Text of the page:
United States charges WikiLeaks founder with publishing classified info


Assange has been evicted from the Ecuadorian embassy in London, where he sought political asylum in 2012, on April 11, and shortly after sentenced by the Westminster Magistrates' Court to 50 weeks of jail for breaking bail.

The Justice Department has announced 17 new charges against Julian Assange.

The new indictment alleges that Assange conspired with Manning to steal classified government documents, including State Department cables and classified reports about the Iraq and Afghanistan war efforts.

The case presents immediate questions about media freedom, including whether the Justice Department is charging Assange for actions - such as soliciting and publishing classified information - that journalists do as a matter of course.

Those charges including unlawfully obtaining and disclosing classified documents, the Justice Department said Thursday. Prosecutors say his actions "risked serious harm" to the United States.

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The indictment specifically addresses Assange's exchanges with Manning, alleging that "after agreeing to receiving classified documents from Manning and aiding, abetting, and causing Manning to provide classified documents", Assange then published those documents on WikiLeaks - an act they say put confidential sources used by the USA government overseas in potential danger.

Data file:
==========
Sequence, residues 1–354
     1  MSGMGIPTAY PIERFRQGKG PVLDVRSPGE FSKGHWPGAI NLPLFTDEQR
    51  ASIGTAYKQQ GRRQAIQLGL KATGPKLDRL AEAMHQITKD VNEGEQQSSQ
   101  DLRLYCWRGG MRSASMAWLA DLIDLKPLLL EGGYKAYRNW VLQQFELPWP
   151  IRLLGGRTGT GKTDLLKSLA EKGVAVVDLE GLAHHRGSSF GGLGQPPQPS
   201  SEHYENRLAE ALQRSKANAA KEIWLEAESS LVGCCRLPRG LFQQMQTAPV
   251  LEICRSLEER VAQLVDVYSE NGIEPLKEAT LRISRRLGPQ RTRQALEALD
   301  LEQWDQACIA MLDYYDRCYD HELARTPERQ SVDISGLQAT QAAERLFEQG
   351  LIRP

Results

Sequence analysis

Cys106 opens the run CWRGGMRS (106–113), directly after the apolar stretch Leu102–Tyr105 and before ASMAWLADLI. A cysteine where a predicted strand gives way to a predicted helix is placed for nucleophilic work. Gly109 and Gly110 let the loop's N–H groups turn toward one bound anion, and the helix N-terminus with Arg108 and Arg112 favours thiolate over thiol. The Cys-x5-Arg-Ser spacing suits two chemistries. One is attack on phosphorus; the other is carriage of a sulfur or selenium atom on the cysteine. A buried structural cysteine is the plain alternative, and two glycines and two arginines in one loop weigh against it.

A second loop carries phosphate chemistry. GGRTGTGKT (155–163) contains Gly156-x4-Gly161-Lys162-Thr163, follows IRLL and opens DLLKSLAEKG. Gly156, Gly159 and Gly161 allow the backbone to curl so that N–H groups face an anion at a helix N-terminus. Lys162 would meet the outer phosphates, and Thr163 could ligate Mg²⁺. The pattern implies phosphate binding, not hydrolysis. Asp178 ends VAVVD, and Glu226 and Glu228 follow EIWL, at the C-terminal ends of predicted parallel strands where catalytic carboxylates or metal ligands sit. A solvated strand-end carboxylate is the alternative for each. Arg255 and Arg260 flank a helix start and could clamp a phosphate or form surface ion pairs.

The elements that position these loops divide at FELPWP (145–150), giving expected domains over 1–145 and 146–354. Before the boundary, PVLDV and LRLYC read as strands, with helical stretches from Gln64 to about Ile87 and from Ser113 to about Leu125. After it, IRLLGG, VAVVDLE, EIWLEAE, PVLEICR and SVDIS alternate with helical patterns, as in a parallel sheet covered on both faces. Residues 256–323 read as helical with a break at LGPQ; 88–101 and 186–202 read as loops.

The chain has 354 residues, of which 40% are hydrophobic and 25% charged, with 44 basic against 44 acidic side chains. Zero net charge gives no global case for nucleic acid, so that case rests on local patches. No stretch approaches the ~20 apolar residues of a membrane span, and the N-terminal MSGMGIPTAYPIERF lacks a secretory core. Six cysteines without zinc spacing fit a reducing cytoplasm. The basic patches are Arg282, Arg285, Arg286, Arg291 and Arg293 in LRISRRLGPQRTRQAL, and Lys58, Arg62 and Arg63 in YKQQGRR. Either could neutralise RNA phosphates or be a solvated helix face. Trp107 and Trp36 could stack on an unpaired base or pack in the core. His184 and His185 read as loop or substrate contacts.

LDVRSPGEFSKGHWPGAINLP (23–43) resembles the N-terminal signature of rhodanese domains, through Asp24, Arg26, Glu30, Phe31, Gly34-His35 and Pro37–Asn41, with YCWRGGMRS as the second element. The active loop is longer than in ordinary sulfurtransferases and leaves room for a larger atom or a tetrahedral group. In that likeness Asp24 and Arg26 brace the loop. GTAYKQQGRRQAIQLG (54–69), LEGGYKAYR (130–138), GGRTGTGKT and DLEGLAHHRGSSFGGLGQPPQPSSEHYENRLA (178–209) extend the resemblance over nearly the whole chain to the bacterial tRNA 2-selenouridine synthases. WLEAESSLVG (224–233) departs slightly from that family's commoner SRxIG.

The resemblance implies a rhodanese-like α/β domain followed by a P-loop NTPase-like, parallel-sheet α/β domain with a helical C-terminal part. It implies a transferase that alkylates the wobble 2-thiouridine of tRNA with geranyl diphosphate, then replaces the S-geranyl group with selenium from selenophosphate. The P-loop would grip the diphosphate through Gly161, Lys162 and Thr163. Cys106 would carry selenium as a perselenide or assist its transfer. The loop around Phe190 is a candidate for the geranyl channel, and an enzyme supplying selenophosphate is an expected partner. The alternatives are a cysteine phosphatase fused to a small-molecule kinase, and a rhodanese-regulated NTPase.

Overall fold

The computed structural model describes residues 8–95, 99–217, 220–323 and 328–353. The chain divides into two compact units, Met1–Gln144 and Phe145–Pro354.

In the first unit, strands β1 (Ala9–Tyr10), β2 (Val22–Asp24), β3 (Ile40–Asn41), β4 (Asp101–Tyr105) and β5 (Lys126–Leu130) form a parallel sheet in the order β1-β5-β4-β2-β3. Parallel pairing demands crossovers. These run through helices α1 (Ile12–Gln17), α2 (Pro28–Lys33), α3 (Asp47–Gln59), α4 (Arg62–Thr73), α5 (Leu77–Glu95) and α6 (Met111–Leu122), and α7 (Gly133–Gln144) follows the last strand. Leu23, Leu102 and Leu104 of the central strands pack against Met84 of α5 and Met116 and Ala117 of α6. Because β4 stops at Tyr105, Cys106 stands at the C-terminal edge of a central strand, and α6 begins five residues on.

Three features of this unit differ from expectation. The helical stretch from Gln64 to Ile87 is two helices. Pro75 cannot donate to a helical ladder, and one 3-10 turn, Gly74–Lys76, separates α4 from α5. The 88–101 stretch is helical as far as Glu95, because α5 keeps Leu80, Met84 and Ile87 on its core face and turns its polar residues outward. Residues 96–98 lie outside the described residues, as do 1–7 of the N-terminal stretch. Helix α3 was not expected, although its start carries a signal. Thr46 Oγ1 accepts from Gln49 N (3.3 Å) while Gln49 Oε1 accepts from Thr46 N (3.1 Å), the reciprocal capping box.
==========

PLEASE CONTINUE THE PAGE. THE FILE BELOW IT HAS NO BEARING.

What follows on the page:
Multiple news outlets cited Assistant Attorney General for National Security John Demers as saying in an interview accompanying the indictment's release that, "the department takes seriously the role of journalists in our democracy and we thank you for it". Department officials said Thursday they believe Assange strayed far outside First Amendment protections.

One of the counts included in the superseding indictment includes a charge of conspiracy between Manning and and Assange to obtain receive and disclose national defense information in violation of Espionage Act, a rare charge for a person who has never served inside the USA government.

Manning, who was convicted in military court for providing a trove of classified documents to Wikileaks, is now in a northern Virginia jail on a civil contempt charge.

Manning spent two months in the Alexandria Detention Center beginning in March after she refused to testify to a grand jury investigating Wikileaks. Manning was convicted in 2013 and sentenced to 35 years in prison before her sentence was commuted by President Barack Obama.